More Adventures in Bobbed Hair

As I have had my hair in a bob for over 6 months now, I thought it was time to do a sequel to my ‘What to Know When Getting Your Hair Bobbed’ post.

When I first had my hair cut into a bob, I was pretty much set against the idea of layers. But, on one visit to the hairdressers to have my usual trim (which is normally around every 3-6 weeks, although the last time I dragged it out for a whooping 11 weeks – so it was looking rather unkempt!) after chatting to my hairdresser, he advised some layers in the back. I decided to give it a go, and I’m glad I did. The layers just helped my hair to ‘sit’ much more smoothly, and to lay flat against my head, without any kicks or annoying kinks. So, at the moment my basic haircut is a cheek-length bob, with layering in the back. As regular readers will know, my hair type is naturally poker-straight, very fine, and I don’t seem to actually have that many hairs on my head. My preferred waving method is to do a wet pincurl set. I can curl my hair with heat, but the curls drop out after about an hour, and even sooner if I step outside!

For this blog post, I decided to show you my process from having my hair in a pincurl set, brushing out, styling, to the finished ‘look’.

Firstly, I begin by starting to remove the pincurls which have been in my hair for at least 4 hours, sometimes overnight depending on my schedule. As I mentioned, I do a wet pincurl set, so I wash my hair, spray with a setting lotion solution, then begin sectioning and creating the pincurls.

I then shake out the curls, to ensure I have removed all the hair grips, and to help separate the hair.

Next, I start the long brushing out process. It is this process that I think a lot of people find difficult, I know I did when I first starting setting my hair! This is because, half-way through you look like this:

OMG. Seriously.

 ALL THE FLUFFY FRIZZINESS! But, no need to panic, if you keep on brushing, it will then start to smooth out, looking more like this:

So, I keep brushing sections, sometimes wrapping curls around my fingers to shape them as I go. Once I have brushed and smoothed all sections, I then start to think about where I want the curls to fall, and if I want to create a wave across my forehead.

Notice how much smoother my hair is here? Brush brush brush! To help me shape my front waves, I use vintage wave clips. I have clipped the side-section out of the way with a standard black clip, which you can just make out in these pictures. Once I have shaped the front I will then remove the black clip, and arrange these curls.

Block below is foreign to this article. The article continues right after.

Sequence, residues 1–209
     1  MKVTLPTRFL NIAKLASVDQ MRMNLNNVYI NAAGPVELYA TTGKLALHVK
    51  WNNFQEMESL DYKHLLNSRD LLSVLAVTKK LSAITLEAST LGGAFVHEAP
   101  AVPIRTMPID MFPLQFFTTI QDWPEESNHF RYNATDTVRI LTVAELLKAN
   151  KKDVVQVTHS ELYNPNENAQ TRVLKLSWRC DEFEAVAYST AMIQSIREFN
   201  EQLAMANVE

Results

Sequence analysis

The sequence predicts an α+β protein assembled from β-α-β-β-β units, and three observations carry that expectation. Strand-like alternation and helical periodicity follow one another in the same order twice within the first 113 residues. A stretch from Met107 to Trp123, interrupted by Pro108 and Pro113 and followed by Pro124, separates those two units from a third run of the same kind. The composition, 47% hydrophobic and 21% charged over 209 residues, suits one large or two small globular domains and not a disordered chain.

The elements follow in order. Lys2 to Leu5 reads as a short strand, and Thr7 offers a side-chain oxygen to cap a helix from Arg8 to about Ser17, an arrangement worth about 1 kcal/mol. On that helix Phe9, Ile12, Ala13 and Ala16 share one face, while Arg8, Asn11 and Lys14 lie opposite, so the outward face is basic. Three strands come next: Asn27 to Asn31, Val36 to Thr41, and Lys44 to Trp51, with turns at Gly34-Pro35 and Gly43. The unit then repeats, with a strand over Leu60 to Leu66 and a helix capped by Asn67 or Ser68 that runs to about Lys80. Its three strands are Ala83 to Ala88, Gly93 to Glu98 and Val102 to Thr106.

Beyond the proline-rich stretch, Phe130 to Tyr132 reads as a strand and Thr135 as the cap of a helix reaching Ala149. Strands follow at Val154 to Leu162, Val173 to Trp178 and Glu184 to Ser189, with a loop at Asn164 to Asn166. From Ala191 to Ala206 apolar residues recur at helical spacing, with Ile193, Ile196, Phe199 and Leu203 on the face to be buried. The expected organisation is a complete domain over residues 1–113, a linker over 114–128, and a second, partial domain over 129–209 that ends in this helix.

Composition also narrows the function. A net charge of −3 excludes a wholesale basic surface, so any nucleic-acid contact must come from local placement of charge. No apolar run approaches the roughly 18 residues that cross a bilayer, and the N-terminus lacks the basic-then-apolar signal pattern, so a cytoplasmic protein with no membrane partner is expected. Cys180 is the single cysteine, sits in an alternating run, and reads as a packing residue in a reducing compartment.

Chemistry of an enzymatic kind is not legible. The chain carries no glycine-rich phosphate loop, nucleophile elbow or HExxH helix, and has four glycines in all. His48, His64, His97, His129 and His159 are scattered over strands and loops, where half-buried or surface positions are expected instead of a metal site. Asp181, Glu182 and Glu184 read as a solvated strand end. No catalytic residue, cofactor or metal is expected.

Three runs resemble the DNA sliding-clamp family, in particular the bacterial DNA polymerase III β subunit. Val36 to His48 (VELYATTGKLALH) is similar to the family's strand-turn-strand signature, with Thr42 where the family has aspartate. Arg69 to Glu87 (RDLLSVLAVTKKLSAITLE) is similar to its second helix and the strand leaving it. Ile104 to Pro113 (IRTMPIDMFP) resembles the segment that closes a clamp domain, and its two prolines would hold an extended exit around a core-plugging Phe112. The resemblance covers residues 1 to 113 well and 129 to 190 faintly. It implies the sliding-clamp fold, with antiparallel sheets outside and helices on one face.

Pincurl clips help to keep hair flat if needed, as demonstrated above. Once I am happy with the positioning, and have checked the sides and back in a mirror, I then cover my hair with hairspray.

After letting the hairspray dry, and enabling the hairspray to ‘set’ the waves clipped at the front, I then remove the wave clips.

After giving it a final check-over, I am then good to go!

The whole brushing out and styling process probably takes me about 20 minutes, sometimes longer if my hair is misbehaving!

Tips and Notes

  • I use a scarf to cover my pin curl set, both for daytime use and for sleeping in. I find using a pure silk scarf results in a smoother hair set, which is easier to brush out.
  • I have really short hairs at the nape of my neck, which are too short to pin curl. So I just leave them as they are!
  • If you think your set is a flop or failure, just keep brushing. Use your hands to shape the hair as you brush, to encourage it to sit where you want it to.
  • Set the hair with hairspray to make the style last longer.

So there you have it! My hairstyling tips and tricks. I hope this can be useful to some of you, if only for you to giggle at my frizzy hair picture!

I do have a Youtube video of me brushing out a pincurl set, from when I had longer hair. Even though my hair is longer, the basic brush out principles are the same, so if you fancy watching it, you can view here.

Until next time dears!

Learning How To Do Finger Waves

Of all the vintage hairstyles I have attempted and practised, finger waves are by far (in my opinion) the most difficult. Having said that, ALL vintage hairstyles seem difficult at first, I remember years ago struggling with victory rolls (backcombing and hairspray helps), and in recent years feeling frustrated by pincurl sets. But, as with all things, practise makes perfect.

I have been wanting to master finger waves for a good year now, but having recently had my hair bobbed, I felt like now was the time to really go for it, and practise over and over until I had got it right.. or at least satisfactory with the view to working on perfecting it in later attempts.